As with all tax and retirement planning strategies, there are a few caveats:

  • Unlike the traditional IRA Roth conversion rules, there is no option to split your tax bill over two years. You will owe the entire tax on whatever amount you convert (remember, Congress is trying to raise some revenue here!).
  • Also unlike traditional IRA Roth conversions, you cannot un-do your conversion next year if you change your mind. Your 401(k) conversion is permanent.
  • Both the Roth 401(k) plan and the conversion option must be included in your employer’s plan offering for you to take advantage of this strategy.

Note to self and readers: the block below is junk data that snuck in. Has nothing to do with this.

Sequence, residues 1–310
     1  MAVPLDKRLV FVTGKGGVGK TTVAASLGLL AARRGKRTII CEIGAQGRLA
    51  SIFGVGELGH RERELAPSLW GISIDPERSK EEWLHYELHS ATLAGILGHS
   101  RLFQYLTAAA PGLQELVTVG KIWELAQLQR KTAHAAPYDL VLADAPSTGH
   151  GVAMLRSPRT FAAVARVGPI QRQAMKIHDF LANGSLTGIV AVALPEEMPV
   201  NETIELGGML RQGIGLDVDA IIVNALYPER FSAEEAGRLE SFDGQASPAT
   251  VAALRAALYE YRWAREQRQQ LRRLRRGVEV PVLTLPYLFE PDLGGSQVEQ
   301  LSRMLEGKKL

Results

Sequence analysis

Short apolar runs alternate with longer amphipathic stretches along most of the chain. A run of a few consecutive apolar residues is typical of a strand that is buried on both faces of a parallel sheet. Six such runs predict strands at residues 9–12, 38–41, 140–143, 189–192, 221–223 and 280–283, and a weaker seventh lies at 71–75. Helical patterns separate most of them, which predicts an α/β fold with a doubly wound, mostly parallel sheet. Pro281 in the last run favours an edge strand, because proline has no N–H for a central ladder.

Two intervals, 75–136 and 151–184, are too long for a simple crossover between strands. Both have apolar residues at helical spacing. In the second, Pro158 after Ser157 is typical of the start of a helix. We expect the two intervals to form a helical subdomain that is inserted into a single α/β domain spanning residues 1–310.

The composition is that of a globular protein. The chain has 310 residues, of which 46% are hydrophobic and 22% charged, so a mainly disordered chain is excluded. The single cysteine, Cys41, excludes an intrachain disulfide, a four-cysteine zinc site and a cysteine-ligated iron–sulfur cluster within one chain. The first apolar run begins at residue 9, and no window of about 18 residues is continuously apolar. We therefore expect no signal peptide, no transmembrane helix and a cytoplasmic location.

Forbes has a handy online slide show outlining 10 reasons you might want to convert to a Roth IRA. If any of these fit your situation, be sure to consult with a qualified retirement planning and tax specialist before making a move.

For more information on IRAs and 401(k) planning please visit my estate planning website.

Philip J. Kavesh
Nationally recognized attorney helping clients with customized estate planning guidance for over 40 years.
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